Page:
Friday, April 8, 2011
New Courthouse Will Be Tribute to Branch Leadership, Chief Justice Cantil-Sakauye Says
Dignitaries Gather as Ground is Broken for Long Beach Facility Named for Deukmejian
By SHERRI M. OKAMOTO, Staff Writer
Chief Justice Tani Cantil-Sakauye touted the commencement of construction for a new court facility in Long Beach at a groundbreaking ceremony yesterday as proof of the foresight and effective leadership of the branch.
In what the chief justice said is likely a first in this country, the project is being overseen by the Administrative Office of the Courts but financed by a consortium from the private sector. That demonstrates how the judiciary “is always taking innovative leadership ideas and executing them” and willing “to try things in new ways,” she said.
Cantil-Sakauye claimed the “genesis of this project” was the “foresight” of the 2002 Court Facilities Act, which turned over courthouse management to the state, and said she was a “grateful observer” of “the extraordinary leadership that brings this project to bear.”
Her remarks were delivered to an assemblage of several hundred guests including Supreme Court Justices Ming W. Chin and Marvin R. Baxter; Los Angeles District Attorney Steve Cooley, Alternate Public Defender Janice Fukai, and about two dozen bench officers.
Los Angeles Superior Court Presiding Judge Lee S. Edmon, who served as the master of ceremonies, quipped that the jurists who serve in Long Beach were easily identifiable because they were “the ones with the biggest smiles on their faces.”
Administrative Director of the Courts William C. Vickrey told the audience that the project “really demonstrates that the government does work on behalf of the public that it serves” and represented the “potential of what we hope to replicate across California.”
Sen. Alan S. Lowenthal, D-Long Beach, suggested the project was also “a direct repudiation” of the idea that Democrats and Republicans are unable to cooperate, and shows “if we work together with a common purpose, we can do great things.”
Assemblywoman Bonnie Lowenthal, D-Long Beach, called the project “a testament to optimism and all that is best about California.” She has been a recent vocal critic of Vickrey and AOC governance, and unlike the other speakers, did not bestow any praise upon court leaders in her remarks.
All of the speakers, however, commended former Gov. George Deukmejian, in whose honor the courthouse has been named.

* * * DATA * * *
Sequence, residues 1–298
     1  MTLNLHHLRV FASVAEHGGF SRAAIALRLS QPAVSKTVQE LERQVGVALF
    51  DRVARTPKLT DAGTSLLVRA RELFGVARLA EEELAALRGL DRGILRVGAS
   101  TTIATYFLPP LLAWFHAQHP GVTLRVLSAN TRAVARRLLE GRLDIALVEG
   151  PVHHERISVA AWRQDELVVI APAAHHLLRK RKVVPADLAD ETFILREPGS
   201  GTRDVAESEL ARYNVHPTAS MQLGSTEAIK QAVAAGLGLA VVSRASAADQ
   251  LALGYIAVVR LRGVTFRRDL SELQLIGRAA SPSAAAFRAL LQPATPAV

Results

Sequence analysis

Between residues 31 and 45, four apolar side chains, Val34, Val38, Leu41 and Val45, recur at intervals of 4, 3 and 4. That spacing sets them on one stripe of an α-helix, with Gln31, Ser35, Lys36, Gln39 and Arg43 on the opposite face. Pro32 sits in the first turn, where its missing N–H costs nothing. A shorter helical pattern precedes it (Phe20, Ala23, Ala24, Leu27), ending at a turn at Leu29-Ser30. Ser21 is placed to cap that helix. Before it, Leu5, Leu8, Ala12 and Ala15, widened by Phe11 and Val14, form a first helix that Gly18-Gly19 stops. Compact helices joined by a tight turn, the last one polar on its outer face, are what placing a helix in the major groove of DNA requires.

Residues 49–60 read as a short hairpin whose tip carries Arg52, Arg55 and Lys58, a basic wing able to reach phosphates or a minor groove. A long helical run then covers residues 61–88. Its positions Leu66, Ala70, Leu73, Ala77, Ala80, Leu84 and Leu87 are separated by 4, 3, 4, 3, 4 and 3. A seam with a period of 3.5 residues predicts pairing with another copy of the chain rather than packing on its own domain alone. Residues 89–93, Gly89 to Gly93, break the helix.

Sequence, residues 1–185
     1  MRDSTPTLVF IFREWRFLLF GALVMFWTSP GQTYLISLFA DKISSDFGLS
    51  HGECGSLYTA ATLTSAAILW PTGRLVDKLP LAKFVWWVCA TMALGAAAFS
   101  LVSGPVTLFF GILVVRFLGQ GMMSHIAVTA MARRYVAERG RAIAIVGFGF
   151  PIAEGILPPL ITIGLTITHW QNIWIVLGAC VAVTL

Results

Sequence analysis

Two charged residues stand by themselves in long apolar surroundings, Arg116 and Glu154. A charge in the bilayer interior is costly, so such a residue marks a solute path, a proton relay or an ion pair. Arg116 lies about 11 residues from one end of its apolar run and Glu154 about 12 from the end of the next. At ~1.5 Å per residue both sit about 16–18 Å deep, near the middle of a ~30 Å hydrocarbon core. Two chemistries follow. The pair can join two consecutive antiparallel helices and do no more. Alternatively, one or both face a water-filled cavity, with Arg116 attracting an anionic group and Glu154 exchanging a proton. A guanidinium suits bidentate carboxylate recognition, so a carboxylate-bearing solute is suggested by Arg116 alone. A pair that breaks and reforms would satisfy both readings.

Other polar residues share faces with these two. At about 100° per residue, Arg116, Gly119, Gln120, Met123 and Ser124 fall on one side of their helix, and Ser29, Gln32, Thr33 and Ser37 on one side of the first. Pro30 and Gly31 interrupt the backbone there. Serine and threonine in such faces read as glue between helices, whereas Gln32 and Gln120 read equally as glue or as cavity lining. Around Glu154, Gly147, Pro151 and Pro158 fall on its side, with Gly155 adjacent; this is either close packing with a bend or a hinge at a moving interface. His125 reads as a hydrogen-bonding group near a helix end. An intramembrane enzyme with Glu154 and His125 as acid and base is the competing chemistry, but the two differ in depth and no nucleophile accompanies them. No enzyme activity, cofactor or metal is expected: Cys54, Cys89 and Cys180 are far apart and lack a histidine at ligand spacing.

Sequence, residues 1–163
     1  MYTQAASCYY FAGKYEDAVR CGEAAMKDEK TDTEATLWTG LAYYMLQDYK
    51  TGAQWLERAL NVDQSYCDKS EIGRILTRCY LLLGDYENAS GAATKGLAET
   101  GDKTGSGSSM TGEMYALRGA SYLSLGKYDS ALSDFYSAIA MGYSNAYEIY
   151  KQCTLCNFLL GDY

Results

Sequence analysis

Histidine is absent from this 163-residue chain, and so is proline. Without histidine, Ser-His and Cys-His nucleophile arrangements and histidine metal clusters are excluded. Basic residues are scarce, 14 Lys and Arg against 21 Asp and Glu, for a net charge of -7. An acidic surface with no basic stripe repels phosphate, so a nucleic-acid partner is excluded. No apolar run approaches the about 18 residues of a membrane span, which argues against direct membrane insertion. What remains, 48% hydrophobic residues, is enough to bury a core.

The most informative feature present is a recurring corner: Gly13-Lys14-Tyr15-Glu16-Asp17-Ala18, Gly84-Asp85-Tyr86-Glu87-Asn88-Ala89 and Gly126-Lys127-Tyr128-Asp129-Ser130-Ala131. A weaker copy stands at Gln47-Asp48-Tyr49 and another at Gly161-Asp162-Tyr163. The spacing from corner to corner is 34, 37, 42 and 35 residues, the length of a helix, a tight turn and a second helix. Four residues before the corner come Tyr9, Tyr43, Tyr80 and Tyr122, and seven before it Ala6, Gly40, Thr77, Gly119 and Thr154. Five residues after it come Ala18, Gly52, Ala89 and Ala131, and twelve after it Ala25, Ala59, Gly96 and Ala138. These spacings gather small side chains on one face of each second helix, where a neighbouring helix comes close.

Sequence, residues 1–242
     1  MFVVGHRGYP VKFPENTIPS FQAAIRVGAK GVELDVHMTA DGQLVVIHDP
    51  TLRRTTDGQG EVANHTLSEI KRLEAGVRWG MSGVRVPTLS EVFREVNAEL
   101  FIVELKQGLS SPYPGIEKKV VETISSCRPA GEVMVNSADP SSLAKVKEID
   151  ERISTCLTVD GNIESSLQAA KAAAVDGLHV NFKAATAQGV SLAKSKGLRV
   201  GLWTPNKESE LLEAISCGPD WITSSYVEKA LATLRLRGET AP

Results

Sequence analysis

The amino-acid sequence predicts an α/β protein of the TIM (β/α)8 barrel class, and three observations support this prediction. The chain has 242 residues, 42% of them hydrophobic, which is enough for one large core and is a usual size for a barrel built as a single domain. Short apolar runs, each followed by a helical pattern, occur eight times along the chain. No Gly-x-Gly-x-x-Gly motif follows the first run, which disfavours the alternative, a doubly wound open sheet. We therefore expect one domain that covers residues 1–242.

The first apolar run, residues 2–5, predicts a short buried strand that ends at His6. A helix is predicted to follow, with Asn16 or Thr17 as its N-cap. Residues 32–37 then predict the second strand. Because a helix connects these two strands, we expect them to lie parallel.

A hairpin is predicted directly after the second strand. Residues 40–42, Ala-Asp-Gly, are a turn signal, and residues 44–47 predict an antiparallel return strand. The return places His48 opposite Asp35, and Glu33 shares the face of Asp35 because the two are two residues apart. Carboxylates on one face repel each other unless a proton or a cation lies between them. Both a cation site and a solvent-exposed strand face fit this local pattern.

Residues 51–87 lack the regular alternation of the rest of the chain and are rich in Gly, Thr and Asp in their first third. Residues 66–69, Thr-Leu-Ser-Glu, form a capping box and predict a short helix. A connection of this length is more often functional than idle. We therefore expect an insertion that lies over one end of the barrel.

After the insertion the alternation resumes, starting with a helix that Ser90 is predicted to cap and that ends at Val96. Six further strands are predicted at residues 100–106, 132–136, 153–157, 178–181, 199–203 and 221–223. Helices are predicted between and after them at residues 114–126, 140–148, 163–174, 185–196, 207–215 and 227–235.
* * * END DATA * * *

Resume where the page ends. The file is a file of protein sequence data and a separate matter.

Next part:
Alan Lowenthal said Deukmejian “is truly an idol, and worthy of our respect and our love,” while Long Beach Mayor Bob Foster called him a “man of impeccable capability, integrity and intelligence.”
Los Angeles County Supervisor Don Knabe described the former governor as a “respected bridge builder,” whose abilities to bring political factions together had served him well in politics.
Knabe then turned to Deukmejian, and drew an appreciative laugh from the audience by noting when Deukmejian served as governor, he succeeded Jerry Brown. “I just thought I’d throw that out there,” he said.
After being presented with a framed artist’s rendering of the building, Deukmejian commented that he was “glad it’s a long building, because I have a long name.”
He received a standing ovation from the audience as he took the podium, where he joked he thought “the only two ways to get your name on a building” were to “donate a lot of money” or “be dead.” Deukmejian said he did not have $500 million, as evinced by the fact that he drives a 15-year old car with “more miles on it than Willie Nelson’s tour bus.”
“I’m not dead either,” he added, “but that could change.”
Deukmejian appeared to grow more somber as he discussed his upbringing as the son of immigrants and how he “came west in search of opportunity” as a young man.
“I never dreamed this day would come,” he said. After 23 years of public service and 83 years of life, Deukmejian suggested, “I can finally say I don’t think they’ll summon me for jury duty.”
Edmon, however, quickly dissuaded him of this idea, telling Deukmejian:
“Sorry, we summon everybody.”
In addition to such levity, the ceremony was also punctuated by strong gusts of wind, which prompted Foster, Knabe and Alan Lowenthal to leave their seats on the dais to hold onto poles supporting the tent where the festivities were taking place at the intersection of Magnolia Avenue and Third Street in downtown Long Beach.
The six-acre site is slated to be developed with a 31-courtroom, 650,000 square foot court facility, targeted for occupancy in 2013. This new building will replace the current courthouse, which was built in 1959 and suffers from “fundamental flaws,” overcrowding, dilapidation and a failure to meet accessibility requirements,” according to an AOC release.
Copyright 2011, Metropolitan News Company